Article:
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Food Supplies

Volume 439: debated on Monday 23 June 1947

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Imported Canned Meats


asked the Minister of Food whether any long-term contracts have been made for regular supplies of imported canned meats; and why is there such a decline in present and future immediate deliveries.

The answer to the first part of the Question is, "Yes, Sir." Distribution over the next few months will be higher than prewar but below the rate of issue in the past year, when we had the benefit of war surpluses.


asked the Minister of Food the amounts of imported canned meats to be allocated to the trade during the present allocation period and in the two following periods.

The quantity of imported canned meats to be distributed, apart from canned corned meat which is issued against the meat ration, will be 5,000 tons for the four weeks which began yesterday and 4,000 tons for the four weeks commencing 20th July. The amount for the following four-weekly period has not yet been fixed.

Could I be told the amount for the previous period, as there has been a new period since I put down the Question?

I think that in the period before this one, which commenced yesterday, the amount was about 9,700 tons.

Stocks, Isolated Areas


asked the Minister of Food if he will ensure that it shall be made more widely known, by advertisement in the Press and announcement through the B.B.C, that families in isolated areas may secure permits from local food offices to lay in stocks of food by using coupons in advance, so that these facilities may be more fully utilised in time to prevent a recurrence of the hard ships experienced by so many people during last winter when communications with sources of supply were cut for long periods owing to heavy snow.

My right hon. Friend proposes to give publicity to these arrangements later in the year, when it will be most effective

Spring Onions (Prices)


asked the Minister of Food whether he is aware that a considerable quantity of spring onions remains on the arms in Norfolk for which there is little demand with the ruling low wholesale prices and the retail prices charged in all parts of the country continues at I0d. Per lb.; and whether he will take steps to reduce retail prices so that consumers can have the benefit of available supplies.

There have been difficulties in marketing spring or green onions in some parts of the country and certain districts are faced with surplus supplies. My information is that during the past few weeks the most usual wholesale price at the main markets, has ranged from 3d. to 6½d. per lb. The maximum retail price was reduced on 15th June to 8d. per lb. There is nothing to prevent retailers from selling below this price. Reports I have received show that an increasing number of retailers are selling below the maximum. The maximum retail price will be further reduced next month to 5d. per lb.

Is the Parliamentary Secretary aware, so far as selling below the maximum price is concerned, that in all the shops I have noticed the maximum price has been charged, and that many of the producers in the Eastern counties are unable to sell their onions at any price?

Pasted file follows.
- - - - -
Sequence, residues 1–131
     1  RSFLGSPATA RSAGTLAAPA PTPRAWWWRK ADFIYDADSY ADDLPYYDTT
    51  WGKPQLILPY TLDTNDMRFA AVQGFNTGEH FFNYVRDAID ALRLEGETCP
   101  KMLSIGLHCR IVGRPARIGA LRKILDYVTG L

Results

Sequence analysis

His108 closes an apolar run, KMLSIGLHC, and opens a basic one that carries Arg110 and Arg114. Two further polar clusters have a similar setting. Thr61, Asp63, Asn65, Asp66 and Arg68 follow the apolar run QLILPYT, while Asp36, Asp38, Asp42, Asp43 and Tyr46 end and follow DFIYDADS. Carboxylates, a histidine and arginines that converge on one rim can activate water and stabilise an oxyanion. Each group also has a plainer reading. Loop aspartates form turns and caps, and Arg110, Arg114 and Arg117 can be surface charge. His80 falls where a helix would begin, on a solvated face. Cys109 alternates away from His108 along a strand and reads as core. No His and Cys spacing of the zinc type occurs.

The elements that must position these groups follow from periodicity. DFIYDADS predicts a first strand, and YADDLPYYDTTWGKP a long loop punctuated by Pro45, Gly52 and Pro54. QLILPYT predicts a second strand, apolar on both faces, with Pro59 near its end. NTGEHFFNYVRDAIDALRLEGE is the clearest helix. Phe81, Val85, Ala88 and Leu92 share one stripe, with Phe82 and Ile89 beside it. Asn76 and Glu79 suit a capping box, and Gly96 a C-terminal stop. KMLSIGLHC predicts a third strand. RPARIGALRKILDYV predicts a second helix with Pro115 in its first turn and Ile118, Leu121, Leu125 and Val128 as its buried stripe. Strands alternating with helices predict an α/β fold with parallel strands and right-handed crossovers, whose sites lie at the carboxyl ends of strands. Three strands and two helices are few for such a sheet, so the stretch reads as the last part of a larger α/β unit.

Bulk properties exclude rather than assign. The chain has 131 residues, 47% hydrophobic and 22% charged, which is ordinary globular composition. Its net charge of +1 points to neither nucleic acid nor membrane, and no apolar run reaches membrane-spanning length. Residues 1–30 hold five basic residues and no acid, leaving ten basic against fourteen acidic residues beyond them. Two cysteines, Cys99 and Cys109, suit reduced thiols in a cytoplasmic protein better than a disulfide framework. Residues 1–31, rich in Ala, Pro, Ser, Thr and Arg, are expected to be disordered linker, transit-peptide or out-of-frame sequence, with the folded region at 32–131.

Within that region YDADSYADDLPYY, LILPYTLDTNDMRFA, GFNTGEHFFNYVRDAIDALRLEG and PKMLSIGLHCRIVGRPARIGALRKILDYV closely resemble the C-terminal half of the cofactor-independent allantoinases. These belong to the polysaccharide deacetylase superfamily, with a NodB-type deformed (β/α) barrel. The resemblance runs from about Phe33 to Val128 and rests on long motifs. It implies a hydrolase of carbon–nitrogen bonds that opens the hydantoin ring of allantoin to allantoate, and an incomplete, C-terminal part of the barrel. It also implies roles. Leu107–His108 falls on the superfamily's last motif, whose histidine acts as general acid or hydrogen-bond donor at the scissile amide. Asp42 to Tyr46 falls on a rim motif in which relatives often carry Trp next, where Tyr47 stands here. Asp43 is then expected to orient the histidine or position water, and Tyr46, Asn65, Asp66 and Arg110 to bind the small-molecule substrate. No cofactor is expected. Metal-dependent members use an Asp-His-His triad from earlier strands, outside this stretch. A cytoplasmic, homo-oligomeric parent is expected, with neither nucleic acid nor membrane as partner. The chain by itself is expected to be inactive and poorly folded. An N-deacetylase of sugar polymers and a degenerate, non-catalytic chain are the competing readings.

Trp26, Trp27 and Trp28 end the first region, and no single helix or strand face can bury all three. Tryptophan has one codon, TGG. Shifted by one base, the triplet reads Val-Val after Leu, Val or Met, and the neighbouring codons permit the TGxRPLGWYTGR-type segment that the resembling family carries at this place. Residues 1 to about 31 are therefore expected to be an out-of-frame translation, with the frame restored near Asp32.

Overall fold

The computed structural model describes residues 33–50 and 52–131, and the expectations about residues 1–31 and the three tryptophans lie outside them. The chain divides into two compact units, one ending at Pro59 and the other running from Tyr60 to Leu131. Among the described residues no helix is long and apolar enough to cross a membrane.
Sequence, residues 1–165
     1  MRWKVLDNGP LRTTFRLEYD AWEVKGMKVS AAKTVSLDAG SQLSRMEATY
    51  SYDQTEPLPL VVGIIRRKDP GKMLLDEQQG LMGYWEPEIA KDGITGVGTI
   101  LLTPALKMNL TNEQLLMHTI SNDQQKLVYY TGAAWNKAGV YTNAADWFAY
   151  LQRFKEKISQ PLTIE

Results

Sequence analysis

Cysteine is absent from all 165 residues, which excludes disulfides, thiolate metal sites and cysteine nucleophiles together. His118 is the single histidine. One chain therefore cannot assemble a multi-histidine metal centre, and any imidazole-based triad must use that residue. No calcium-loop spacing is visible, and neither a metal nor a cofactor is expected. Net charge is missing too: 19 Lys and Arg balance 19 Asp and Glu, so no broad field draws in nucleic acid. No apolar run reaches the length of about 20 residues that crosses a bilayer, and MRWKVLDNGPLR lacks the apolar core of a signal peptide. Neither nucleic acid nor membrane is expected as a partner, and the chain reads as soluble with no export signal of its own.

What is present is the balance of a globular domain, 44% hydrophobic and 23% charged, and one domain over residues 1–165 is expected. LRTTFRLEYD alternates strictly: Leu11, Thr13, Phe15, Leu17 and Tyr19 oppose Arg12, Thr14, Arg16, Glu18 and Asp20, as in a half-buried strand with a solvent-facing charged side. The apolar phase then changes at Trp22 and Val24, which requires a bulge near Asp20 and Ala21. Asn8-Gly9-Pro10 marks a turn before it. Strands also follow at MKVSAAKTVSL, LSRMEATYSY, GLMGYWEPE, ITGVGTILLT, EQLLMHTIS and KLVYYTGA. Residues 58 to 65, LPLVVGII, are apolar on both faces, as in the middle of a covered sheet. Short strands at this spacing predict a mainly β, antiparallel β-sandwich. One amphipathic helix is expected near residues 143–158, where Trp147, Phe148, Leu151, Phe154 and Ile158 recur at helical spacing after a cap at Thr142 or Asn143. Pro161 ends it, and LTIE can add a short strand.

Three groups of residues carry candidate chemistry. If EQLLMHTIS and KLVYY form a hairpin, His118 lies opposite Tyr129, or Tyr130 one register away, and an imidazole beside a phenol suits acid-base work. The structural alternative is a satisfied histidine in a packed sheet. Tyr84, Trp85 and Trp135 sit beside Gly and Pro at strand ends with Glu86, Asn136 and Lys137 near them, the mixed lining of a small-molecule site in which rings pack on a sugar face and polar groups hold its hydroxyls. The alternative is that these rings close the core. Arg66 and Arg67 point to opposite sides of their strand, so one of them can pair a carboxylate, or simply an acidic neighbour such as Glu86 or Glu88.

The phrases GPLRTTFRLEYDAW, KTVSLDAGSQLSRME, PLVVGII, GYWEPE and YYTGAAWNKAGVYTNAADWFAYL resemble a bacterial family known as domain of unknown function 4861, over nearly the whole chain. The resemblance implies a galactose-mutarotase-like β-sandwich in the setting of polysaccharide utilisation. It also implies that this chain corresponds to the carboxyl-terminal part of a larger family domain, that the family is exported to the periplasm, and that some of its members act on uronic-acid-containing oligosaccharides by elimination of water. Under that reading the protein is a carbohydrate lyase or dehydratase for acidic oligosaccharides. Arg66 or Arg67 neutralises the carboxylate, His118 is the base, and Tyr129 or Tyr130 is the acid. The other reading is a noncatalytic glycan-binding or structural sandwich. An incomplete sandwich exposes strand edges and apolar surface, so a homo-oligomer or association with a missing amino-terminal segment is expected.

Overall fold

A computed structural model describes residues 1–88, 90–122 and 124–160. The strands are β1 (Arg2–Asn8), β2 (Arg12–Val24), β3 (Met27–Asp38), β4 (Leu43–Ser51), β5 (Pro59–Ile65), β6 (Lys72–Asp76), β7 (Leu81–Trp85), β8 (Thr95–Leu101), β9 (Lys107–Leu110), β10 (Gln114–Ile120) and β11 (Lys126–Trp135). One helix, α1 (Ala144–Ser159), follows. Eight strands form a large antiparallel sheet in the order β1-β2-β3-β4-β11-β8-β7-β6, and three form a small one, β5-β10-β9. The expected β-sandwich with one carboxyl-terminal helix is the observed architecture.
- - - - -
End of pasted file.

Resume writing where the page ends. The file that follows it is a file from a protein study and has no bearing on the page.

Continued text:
I find it difficult to reconcile the supplementary question of my hon. Friend with the information I have given.

Bacon, Butter And Cheese (Subsidies)


asked the Minister of Food why he has reduced the prices of bacon, butter and cheese to the public at a time when his Department has had to pay more for these commodities; and how this action relates to the expressed policy of the Government to make prices more commensurate with the actual cost of foodstuffs and thus reduce the amount of the subsidies.

The reductions were made to keep the cost-of-living index stable. For the Government's policy in this matter, I would refer the hon. Member to the Budget speech of my right hon. Friend the Chancellor of the Exchequer on 15th April last.

Independent Buying


asked the Minister of Food whether he will now allow independent buying of certain food commodities in place of the present bulk buying by his Department in order to permit a greater variety in the food of the people.

No, Sir. The lack of variety in the nation's diet results from the present world shortage of foodstuffs, combined with the difficult balance of payments position of the United Kingdom. For the great majority of essential foods, bulk purchase is the only practicable method to secure the maximum quantities available from abroad and their equitable distribution in this country. In an effort to provide as much variety in the diet as possible, we are already permitting certain private imports of less essential foods, but it would be extremely difficult to maintain the close control of import expenditure which is at present essential if independent buying were permitted-to extend over a wider range of foodstuffs.

Is the Minister aware that there are from time to time considerable parcels of foodstuffs which could be purchased outside the bulk buying Commission, and which would add considerably to the variety of diet in this country, without endangering sterling balances, if permission were given for their purchase?

We are guided by the decisions of the International Emergency Food Council, and we cannot indulge in what might be considered to be international "under the counter" methods.